Every plastic surgery procedure has numerous issues that every patient who is undergoing a procedure should know. These explanations are always on a consent form that you should read in detail before surgery. This consent form, while many perceive as strictly a legal protection for the doctor, is actually more intended to improve the understanding of the various fat grafting procedures. The following is what Dr. Eppley discusses with his patients for these procedures. This list includes many, but not all,of the different outcomes from surgery. It should generate both a better understanding of the procedure and should answer any remaining questions that one would have.
There are alternatives to fat grafting and they change based on the reason and the face or body site that needs more volume or contour. They could include synthetic injectable fillers, allogeneic (cadaver) and xenogeneic (animal) dermis, autogenous fascia and synthetic implants.
The goal of fat grafting in every case is to either aesthetically add or restore lost or deficient soft tissue volume in the face or body. In some reconstructive procedures, the additional goal of fat grafting is to improve tissue quality and help prevent future wound healing problems.
The limitations of fat grafting is based on several factors including the size and availability of fat from the donor site, how much volume the recipient site can take and, most importantly, how much fat survives after transplantation.
Expected outcomes include the following: temporary swelling and bruising from the donor and recipient sites, temporary skin numbness from the donor and recipient sites, and months of healing and fat graft settling until the final result is seen in terms of permanent volume and contour. Healing of any fat grafting procedure is a process and the minimal amount of time to judge the result is three months and may take as long as six months to see the final retained volume and shape of the grafted face or body site(s).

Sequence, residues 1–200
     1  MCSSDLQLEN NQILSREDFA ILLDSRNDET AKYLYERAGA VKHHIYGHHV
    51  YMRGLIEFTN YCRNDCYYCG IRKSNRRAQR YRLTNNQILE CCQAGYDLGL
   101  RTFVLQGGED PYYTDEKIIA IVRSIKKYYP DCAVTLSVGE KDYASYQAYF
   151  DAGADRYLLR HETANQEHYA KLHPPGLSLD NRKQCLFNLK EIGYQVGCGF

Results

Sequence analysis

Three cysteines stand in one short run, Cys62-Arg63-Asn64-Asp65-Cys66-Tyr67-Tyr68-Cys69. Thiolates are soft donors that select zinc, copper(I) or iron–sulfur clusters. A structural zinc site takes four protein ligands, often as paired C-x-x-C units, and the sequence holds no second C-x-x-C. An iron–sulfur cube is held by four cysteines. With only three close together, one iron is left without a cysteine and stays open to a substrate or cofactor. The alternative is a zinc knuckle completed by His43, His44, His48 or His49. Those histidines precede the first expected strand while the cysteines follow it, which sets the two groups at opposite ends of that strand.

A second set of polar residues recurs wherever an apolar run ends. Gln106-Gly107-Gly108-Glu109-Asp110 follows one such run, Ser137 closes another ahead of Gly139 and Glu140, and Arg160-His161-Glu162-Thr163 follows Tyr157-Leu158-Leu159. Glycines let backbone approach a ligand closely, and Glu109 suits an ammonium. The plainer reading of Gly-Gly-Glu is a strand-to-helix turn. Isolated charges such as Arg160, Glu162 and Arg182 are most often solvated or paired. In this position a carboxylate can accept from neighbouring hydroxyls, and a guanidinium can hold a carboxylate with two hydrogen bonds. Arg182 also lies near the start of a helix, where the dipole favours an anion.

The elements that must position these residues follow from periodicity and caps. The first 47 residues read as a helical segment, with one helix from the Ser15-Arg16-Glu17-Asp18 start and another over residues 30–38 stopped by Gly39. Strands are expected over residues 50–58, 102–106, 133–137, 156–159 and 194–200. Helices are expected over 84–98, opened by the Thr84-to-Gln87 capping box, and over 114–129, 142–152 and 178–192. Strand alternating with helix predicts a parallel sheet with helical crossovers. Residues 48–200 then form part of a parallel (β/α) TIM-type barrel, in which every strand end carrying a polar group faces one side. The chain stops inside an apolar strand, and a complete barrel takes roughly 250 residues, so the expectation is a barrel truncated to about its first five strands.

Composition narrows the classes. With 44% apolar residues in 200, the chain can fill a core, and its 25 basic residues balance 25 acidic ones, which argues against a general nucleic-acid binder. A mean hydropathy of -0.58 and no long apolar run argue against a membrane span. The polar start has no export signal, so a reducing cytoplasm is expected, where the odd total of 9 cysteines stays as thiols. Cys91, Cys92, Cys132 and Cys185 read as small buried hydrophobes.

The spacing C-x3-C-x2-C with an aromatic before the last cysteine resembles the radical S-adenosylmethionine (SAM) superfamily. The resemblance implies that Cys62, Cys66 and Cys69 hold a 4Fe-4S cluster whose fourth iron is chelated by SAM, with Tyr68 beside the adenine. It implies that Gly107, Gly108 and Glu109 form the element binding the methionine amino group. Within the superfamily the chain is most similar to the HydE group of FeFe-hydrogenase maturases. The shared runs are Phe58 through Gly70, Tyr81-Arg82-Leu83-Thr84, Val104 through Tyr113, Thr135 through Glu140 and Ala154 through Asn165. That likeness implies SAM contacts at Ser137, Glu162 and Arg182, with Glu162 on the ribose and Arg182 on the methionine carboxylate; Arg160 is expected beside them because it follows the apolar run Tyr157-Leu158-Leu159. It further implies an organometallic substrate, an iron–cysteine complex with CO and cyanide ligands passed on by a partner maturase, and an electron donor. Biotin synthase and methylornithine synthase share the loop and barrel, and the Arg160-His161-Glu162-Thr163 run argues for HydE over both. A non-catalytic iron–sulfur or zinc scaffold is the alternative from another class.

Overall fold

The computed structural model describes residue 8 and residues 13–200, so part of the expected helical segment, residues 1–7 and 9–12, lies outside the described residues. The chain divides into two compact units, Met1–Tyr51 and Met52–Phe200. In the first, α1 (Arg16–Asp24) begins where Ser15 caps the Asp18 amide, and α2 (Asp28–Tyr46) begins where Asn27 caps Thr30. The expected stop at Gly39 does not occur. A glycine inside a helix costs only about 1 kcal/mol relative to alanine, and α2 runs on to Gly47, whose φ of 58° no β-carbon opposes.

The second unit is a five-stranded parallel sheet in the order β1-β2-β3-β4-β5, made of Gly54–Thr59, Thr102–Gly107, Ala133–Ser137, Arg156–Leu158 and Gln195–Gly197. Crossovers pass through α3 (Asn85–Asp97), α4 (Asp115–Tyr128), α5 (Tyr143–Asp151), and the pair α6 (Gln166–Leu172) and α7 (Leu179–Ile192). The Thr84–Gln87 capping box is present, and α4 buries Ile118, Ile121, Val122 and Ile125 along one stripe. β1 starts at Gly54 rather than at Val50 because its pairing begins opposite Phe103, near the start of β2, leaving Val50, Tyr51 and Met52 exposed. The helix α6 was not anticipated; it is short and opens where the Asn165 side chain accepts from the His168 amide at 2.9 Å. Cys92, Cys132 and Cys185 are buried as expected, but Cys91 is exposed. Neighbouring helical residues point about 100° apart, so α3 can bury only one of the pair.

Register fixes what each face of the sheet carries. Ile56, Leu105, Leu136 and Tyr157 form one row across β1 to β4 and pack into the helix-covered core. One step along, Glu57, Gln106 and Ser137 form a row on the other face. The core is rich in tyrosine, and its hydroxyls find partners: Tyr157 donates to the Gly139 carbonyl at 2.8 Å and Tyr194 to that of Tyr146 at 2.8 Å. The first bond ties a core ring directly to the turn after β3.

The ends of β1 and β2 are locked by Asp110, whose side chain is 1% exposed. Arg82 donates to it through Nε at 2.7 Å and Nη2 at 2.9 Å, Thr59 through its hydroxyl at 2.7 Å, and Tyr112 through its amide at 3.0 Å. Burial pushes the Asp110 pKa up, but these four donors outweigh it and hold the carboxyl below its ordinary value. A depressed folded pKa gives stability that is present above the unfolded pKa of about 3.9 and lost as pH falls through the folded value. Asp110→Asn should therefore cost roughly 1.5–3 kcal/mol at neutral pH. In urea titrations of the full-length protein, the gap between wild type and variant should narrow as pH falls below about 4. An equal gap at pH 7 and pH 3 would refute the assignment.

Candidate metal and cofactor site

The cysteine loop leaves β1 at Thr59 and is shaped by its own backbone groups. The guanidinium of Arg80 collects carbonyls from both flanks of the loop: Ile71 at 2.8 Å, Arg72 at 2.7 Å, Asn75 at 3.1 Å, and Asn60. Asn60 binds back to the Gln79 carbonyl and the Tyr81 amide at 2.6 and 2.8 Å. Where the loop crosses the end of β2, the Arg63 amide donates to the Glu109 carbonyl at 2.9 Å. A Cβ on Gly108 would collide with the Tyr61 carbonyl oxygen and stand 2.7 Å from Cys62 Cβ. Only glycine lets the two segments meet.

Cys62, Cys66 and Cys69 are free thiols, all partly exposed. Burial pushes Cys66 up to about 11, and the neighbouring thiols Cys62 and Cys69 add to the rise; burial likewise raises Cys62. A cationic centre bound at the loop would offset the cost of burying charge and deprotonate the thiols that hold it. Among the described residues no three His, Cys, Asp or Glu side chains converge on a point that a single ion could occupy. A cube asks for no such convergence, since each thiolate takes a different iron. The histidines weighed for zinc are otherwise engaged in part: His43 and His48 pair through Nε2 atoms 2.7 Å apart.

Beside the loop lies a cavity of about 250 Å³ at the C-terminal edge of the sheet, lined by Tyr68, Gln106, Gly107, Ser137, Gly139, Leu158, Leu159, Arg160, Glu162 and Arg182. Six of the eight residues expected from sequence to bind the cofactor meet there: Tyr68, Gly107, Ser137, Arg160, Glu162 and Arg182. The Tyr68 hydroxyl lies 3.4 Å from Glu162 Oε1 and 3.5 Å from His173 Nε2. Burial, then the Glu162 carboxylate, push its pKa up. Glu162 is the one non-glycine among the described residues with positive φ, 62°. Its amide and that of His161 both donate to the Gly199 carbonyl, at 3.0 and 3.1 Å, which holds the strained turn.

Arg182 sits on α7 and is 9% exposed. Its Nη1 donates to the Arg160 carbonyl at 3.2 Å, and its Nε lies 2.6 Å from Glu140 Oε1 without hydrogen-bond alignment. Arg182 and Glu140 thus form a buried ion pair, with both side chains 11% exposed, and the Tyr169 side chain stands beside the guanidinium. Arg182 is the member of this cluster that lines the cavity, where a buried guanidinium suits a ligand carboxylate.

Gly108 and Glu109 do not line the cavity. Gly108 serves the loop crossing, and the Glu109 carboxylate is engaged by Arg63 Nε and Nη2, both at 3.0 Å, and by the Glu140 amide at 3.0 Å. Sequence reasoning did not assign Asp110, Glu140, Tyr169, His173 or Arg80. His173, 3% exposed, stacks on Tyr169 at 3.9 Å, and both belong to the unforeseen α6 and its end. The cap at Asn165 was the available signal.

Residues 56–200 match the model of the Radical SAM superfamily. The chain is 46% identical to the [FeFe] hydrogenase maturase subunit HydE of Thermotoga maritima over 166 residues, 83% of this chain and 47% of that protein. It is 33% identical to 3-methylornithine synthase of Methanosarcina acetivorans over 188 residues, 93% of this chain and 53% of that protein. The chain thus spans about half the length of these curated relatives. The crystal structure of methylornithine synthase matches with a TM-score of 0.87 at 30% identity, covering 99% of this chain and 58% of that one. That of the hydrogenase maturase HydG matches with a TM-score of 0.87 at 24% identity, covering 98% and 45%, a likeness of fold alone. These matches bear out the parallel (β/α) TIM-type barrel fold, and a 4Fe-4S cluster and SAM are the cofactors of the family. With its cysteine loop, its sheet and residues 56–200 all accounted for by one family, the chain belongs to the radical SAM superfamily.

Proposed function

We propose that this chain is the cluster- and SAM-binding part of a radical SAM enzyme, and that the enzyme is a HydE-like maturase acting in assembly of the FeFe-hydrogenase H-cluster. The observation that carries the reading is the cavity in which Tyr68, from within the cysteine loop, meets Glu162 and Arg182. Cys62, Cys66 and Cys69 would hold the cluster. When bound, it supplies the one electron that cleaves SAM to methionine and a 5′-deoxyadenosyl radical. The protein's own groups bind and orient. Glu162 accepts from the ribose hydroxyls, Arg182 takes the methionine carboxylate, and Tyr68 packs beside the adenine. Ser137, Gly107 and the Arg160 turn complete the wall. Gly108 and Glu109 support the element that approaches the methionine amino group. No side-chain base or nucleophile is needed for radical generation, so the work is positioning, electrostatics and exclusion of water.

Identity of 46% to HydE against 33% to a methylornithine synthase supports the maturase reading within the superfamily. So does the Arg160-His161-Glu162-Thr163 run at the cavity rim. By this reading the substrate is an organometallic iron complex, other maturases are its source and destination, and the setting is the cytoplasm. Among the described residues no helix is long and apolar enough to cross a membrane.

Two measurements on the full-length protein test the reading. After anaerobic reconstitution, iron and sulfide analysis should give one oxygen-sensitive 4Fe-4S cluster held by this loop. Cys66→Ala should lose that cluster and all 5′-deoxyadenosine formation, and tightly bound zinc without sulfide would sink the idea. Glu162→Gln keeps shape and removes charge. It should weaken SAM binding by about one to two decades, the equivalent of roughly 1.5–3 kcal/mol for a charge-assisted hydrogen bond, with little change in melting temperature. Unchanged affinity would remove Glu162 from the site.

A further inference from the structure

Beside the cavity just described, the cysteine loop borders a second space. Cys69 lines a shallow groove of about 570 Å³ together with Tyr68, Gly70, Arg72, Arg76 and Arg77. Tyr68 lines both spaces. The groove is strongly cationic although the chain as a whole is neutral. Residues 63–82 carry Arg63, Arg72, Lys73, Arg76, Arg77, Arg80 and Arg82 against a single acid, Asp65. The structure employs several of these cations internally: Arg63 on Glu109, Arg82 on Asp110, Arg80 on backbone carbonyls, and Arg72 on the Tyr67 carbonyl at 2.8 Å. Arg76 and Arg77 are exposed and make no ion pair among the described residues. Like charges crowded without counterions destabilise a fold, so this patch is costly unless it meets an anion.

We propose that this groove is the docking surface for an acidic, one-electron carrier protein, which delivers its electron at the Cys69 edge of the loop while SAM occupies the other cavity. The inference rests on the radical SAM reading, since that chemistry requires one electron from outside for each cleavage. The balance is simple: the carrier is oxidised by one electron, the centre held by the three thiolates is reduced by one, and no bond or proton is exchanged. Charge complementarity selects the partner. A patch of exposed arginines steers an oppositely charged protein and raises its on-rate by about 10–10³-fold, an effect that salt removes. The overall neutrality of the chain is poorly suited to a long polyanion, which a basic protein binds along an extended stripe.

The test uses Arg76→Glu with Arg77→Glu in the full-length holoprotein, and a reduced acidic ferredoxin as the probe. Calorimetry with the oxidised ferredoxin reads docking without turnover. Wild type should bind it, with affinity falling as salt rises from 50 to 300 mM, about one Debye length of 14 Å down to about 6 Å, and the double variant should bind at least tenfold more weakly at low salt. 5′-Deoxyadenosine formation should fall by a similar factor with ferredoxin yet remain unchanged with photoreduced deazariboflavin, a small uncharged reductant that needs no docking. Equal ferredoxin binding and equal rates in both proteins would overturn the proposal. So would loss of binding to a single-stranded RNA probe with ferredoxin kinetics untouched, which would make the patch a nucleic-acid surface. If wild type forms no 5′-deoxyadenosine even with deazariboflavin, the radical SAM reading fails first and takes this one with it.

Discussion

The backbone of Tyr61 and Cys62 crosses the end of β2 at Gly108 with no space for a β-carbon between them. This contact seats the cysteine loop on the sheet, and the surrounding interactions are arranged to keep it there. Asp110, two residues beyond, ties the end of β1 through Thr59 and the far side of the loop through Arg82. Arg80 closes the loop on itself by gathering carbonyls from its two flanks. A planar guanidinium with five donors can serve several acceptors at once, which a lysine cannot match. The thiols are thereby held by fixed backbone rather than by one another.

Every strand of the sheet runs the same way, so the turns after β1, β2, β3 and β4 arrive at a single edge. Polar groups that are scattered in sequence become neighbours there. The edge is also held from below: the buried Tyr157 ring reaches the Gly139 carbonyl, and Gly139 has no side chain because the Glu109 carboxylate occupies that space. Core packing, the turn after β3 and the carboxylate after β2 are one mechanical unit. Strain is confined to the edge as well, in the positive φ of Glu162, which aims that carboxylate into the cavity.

Significant complications from fat grafting are very rare but could include infection. More likely occurrences could include small nick-type scars from the harvest and injection of concentrated fat aspirates and a longer scar for the harvest and insertion of solid dermal-fat grafts. Additional risks include partial or complete loss of the fat graft, irregularities and asymmetries of the harvested and grafted areas, overcorrection vs. undercorrection of the treated areas and the unpredictability of fat grafting volume retention. While estimates are provided for percent of fat grafting survival based on Dr. Eppley’s experience, no guarantee can ever be made on how much fat will survive in any one patient. Any of these risks may require revisional surgery for improvement.
Should additional surgery be required to do additional fat grafting, perform contour adjustments or revise any harvest or graft insertion scars, these will generate additional costs.